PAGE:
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A Reflection on the Aftermath and the Californian Sentiment; By Ignacio Allende
Topic Started: May 9 2018, 10:28 PM (88 Views)
Rhakun
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REPÚBLICA DE CALIFORNIA
EL HERALDO DE LOS ÁNGELES

Una reflexión sobre la Nueva Paz y el Sentimiento Fundamental Californiano
Por
Presidente Ignacio José de Allende y Unzaga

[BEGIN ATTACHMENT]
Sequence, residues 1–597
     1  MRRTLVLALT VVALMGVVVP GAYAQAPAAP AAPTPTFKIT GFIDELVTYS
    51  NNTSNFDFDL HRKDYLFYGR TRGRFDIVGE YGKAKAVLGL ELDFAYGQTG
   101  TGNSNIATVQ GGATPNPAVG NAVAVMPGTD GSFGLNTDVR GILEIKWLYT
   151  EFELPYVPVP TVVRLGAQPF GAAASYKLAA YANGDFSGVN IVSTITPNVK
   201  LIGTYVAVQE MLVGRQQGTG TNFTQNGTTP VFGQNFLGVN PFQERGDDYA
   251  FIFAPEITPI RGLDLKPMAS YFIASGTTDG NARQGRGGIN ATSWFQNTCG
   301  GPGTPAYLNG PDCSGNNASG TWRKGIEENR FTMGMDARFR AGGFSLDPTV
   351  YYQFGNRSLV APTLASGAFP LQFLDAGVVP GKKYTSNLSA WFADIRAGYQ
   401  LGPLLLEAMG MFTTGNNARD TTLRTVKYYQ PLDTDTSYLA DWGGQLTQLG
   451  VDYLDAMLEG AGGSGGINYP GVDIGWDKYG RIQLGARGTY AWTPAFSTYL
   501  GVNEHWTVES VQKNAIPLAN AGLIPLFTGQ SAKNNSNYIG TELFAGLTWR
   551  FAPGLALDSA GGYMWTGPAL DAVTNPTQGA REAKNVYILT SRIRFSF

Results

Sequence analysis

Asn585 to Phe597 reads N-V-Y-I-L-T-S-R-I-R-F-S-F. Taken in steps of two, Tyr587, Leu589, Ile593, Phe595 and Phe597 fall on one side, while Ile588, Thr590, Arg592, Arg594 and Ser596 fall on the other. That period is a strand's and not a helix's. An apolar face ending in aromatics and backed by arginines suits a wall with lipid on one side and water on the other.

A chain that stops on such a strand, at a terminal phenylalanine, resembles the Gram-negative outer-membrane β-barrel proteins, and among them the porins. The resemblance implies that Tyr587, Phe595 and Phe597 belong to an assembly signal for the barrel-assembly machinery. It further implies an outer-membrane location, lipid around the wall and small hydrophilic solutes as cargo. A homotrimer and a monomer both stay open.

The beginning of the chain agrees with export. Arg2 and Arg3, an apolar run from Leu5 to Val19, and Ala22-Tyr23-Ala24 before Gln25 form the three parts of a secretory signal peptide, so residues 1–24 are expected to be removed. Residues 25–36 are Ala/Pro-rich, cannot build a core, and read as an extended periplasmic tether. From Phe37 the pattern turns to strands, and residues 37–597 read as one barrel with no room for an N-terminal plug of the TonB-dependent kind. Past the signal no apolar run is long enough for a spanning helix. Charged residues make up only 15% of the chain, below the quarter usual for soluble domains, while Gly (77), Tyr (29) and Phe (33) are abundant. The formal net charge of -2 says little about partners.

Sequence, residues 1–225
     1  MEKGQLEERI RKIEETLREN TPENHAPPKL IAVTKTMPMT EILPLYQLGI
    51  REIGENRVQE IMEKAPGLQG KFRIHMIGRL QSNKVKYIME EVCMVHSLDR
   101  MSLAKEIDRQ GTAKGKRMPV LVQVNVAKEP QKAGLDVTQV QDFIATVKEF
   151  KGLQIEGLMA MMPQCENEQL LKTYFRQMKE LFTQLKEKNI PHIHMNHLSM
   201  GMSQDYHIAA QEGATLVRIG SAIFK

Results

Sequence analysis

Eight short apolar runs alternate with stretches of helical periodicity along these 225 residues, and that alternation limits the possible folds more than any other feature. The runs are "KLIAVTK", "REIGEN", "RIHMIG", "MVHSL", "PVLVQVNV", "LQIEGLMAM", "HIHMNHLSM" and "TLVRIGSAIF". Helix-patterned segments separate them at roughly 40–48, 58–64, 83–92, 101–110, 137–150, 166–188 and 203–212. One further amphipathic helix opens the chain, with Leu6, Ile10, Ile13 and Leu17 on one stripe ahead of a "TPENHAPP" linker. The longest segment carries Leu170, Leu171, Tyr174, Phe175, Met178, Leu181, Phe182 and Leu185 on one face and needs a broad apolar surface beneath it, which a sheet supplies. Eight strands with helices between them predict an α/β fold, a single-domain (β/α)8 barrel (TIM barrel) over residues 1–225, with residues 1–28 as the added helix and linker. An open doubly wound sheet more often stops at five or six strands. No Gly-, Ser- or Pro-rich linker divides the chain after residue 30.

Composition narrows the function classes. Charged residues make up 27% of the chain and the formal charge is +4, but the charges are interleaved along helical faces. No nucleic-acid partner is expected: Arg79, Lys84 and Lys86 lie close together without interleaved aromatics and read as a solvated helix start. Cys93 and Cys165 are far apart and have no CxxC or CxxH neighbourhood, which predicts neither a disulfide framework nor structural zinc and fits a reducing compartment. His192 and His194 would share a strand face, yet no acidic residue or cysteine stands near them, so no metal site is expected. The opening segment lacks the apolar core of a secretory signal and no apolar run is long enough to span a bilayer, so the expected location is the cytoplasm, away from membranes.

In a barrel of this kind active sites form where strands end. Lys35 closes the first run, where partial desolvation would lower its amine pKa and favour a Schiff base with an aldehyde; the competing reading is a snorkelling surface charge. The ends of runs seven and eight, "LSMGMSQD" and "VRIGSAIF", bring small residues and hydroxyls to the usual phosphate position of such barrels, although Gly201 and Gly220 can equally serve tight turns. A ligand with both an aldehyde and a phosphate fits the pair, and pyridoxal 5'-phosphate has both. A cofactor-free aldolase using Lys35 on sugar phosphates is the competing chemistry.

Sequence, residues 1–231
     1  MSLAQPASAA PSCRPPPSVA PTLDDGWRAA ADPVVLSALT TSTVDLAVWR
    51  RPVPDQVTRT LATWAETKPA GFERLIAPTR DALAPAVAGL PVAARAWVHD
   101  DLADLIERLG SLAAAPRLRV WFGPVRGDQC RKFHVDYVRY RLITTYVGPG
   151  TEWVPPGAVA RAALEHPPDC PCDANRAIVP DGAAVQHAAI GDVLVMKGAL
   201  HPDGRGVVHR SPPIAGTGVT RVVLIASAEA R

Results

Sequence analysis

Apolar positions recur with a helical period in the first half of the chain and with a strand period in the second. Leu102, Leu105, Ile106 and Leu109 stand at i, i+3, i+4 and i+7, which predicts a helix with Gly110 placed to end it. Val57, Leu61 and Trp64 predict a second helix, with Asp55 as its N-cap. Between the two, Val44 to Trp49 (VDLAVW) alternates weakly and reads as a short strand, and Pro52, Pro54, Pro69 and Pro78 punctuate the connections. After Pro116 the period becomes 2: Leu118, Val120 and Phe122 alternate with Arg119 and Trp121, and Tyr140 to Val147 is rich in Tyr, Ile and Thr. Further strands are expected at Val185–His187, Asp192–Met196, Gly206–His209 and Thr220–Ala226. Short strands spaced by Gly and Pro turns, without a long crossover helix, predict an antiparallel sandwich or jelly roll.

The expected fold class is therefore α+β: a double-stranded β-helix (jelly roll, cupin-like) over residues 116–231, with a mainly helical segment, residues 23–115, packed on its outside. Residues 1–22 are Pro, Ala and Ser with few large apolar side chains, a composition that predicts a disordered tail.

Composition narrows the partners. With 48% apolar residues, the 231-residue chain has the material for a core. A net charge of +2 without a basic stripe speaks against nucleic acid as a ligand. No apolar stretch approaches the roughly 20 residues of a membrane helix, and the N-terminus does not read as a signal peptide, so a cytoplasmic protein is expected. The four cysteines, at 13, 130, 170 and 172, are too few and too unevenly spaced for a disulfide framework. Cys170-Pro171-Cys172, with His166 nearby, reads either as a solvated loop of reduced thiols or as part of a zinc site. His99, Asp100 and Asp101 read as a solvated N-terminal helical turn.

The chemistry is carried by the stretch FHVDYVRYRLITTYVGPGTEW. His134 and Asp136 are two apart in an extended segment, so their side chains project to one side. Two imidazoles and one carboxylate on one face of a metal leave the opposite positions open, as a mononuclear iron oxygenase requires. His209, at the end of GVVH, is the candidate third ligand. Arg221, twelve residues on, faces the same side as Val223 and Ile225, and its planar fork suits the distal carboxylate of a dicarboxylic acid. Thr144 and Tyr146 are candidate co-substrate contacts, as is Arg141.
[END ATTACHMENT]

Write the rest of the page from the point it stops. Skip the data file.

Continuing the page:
I intend to paint a picture in the dawn of the pax americana. In between the Atlantic and the Pacific, lies our land: an amalgamate of geographies and climates, ranging from the Southmost to the Northmost of the globe. A well-dressed gentleman: Ice clothes it in the hat, Forests and jungles as a shirt and socks; the deserts form the lapels, boots and belt; the Andes, its pants, the marshes, its coat. Standing tall from Patagonia, looking Europe in the eye while its hairlocks breeze the Eastmost Russian border. Such is the immensity of our American super island that all the monarchs of Europe would've been forty times forty richer had they abandoned the Old World to set their thrones in the New One. Nothing can this be as well seen as by the original inhabitants, noble people of golden skin: I ask, is it possible that the natives were so wealthy in their lives that, unlike their brethren everywhere else in the Creation, they didn't have to fight for food or water, for this continent was vast and generous with both beast and Man? Excepting the great empires of the Inca and Mexica, the most adept scholars of history may as well attribute the lack of war cemeteries in this most wonderful of places to be indebted to its vastness: reaffirmed in the fact that after 300 years of colonization and pillage, America still provides to its children in a silver spoon, from a golden bowl. The sun comes from the Old World, as did the white and black blood that brought in here the Faith, the language and the markets. The sun sets in the Pacific, a most wonderful of oceans where exploration promises us wonders, as it once did to an Italian explorer called Critstobal Colón.